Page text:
With the increase in parking app start-ups, Golub said he considers it validation of the concept rather than a reason to pivot to another industry.
And he doesn’t see ride hailing as a potential fatality of his business concept.
“Even with the increase in ride sharing, there will always be a need to park those cars somewhere when they are not in use,” Golub said. “Even autonomous cars can’t drive around 24/7.”
Is it profitable to purchase parking spots as an investment, with the intent of renting them?
Bethesda-based real estate agent Jim Begg has been investing in and renting parking spots for more than 12 years. He originally purchased one and now owns 21, all in Chevy Chase, Md., near the Friendship Heights Metro.
There are expenses to owning parking spaces in buildings. Begg said he pays a monthly condo fee and property taxes. Yet he is still able to generate enough cash flow to justify the costs.
“I am getting an 8 or 9 percent return on cash with very little or no maintenance,” Begg said.
To determine the return on an investment in a parking space, like any other investment, you must divide the net monthly income (gross income minus condo fees, taxes, insurance, loan payments, etc.) by the out-of-pocket cash to purchase the space.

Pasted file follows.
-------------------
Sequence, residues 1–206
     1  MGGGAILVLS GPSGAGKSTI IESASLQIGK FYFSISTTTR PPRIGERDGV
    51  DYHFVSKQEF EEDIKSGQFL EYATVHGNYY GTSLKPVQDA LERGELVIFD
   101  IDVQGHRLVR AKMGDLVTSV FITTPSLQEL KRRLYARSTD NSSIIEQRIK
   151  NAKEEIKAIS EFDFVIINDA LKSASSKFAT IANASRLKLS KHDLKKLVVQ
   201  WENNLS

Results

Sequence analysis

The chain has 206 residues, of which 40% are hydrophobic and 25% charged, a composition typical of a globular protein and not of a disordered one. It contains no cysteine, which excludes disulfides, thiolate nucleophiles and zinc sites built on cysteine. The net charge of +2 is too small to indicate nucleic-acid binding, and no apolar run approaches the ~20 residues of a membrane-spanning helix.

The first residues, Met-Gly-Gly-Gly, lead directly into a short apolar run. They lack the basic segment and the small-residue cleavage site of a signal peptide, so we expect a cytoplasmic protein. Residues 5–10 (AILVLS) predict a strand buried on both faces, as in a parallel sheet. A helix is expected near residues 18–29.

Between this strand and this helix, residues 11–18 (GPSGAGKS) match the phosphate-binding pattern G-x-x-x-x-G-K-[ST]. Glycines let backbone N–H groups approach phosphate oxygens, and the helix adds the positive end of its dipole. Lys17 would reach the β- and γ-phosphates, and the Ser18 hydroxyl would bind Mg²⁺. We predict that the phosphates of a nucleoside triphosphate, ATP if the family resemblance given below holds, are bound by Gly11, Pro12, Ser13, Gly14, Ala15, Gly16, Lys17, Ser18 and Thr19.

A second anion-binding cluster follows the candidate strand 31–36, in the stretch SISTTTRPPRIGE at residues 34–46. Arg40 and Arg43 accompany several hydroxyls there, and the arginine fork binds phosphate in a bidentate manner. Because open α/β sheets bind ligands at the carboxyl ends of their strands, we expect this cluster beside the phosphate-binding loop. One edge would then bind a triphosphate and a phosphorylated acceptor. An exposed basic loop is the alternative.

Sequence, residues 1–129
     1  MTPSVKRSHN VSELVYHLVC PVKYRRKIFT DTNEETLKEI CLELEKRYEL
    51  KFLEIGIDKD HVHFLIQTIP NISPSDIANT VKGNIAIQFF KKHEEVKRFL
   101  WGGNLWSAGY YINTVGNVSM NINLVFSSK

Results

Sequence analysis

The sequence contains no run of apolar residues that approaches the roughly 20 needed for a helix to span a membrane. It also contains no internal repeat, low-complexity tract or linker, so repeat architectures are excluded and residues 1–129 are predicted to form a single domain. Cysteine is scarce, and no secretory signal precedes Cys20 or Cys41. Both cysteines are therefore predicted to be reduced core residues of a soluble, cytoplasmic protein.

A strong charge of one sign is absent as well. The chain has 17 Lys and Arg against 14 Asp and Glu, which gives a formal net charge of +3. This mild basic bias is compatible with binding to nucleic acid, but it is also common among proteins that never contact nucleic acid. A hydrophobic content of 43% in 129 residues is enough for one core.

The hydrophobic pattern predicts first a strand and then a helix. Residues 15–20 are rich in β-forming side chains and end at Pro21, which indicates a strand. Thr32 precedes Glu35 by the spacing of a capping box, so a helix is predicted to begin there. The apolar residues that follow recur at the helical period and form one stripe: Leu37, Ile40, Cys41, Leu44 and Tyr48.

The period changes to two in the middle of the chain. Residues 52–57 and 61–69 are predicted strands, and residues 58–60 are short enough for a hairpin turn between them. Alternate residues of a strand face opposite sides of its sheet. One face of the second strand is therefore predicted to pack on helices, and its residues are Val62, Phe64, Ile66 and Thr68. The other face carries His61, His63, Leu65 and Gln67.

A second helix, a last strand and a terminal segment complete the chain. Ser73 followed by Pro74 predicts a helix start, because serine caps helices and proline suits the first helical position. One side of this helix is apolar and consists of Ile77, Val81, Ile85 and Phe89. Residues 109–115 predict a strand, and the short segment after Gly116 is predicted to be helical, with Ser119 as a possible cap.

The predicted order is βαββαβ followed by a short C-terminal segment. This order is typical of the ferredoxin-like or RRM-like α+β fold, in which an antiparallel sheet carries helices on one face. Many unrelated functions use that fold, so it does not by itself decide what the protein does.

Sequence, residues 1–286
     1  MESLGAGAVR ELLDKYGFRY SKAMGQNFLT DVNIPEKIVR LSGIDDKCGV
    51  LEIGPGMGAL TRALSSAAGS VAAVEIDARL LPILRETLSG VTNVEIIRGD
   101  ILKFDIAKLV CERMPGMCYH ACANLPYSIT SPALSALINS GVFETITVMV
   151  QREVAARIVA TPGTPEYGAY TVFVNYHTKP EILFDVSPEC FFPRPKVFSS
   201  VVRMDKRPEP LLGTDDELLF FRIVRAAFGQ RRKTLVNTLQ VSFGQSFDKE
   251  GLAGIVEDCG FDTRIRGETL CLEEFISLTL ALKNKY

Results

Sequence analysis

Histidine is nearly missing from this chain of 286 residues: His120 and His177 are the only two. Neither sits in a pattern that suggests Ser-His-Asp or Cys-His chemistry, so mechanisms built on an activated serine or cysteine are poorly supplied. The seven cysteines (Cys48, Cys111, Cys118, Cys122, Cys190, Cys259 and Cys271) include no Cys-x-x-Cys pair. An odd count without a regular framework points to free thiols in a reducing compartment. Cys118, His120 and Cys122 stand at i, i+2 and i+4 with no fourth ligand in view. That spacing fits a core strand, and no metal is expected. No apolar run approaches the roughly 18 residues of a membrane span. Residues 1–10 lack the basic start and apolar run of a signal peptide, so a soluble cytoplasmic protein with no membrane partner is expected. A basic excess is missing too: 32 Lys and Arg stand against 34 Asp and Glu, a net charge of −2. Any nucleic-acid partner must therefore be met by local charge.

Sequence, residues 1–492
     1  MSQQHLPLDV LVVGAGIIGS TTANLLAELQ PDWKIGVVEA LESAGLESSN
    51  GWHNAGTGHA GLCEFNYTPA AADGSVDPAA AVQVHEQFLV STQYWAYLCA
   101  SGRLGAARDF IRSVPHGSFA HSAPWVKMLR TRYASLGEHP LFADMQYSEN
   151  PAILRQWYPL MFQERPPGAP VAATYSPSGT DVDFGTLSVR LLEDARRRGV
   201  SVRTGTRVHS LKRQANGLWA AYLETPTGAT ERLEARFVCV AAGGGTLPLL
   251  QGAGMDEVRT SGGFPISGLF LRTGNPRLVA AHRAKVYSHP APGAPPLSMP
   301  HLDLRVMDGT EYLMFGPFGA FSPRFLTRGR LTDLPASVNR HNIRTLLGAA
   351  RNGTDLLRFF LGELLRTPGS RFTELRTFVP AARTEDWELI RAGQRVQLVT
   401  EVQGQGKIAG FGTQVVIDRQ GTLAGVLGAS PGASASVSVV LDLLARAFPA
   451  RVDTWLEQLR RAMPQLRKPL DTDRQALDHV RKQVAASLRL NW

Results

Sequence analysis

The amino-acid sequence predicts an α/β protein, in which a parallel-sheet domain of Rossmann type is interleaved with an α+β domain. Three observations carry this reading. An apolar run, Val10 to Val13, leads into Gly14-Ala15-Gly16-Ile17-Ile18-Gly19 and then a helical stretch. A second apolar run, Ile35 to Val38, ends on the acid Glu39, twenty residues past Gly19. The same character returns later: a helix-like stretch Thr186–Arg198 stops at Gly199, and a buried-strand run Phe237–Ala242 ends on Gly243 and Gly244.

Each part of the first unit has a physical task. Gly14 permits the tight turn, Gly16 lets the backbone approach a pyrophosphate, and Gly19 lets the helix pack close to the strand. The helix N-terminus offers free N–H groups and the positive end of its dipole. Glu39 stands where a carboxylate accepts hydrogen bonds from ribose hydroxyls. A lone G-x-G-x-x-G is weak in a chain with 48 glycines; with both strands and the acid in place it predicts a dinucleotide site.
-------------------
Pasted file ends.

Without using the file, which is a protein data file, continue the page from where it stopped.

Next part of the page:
For example, if you paid cash for a $30,000 parking spot and your monthly net income is $100, your return on investment is 3.33 percent. You probably generate one-tenth of 1 percent on that cash if it is sitting in the bank.
Parking spaces go for $20,000 to $50,000 in the Washington market. In New York City, a parking space can sell for $600,000 or more.
Monthly gross rent in D.C. ranges from $100 to $300 per month, while in New York City it can be $800 or more.
As a parking space investor, Begg says that, other than the potential return on investment, certain criteria must be met when purchasing a space.
“Make sure the space is separately deeded,” Begg said. Separately deeded means the space has its own tax identification number and the owner has a deed for that individual parcel of real estate.
“The building must allow you to rent the space to the outside,” Begg continued. “The driver does not have to own or rent an apartment or office in the building.”
“And last,” Begg said, “parking must be accessible 24 hours a day.”
Begg has not tried the many apps available to help rent his spots. He has never required outside help in finding renters, he said. He is not interested in short-term renters.
“One space has been rented for 12 years to the same person,” Begg said. “A rare car aficionado parks his Porsches and Ferraris and has a total of eight spaces.” Begg has found some of his renters at rare car shows.
There are risks of renting parking spaces.
“The same rules apply to renting parking spaces as renting an apartment,” Begg said. “You can’t just kick them out for nonpayment.”
Begg does not own parking spaces in the District. “The rules for evicting a tenant in D.C. are tough,” he said.
Jill Chodorov Kaminsky, an associate broker with Long & Foster in Bethesda and a licensed real estate agent with CORE in New York City, writes an occasional column about local market trends and housing issues. Jill can be reached at email@example.com.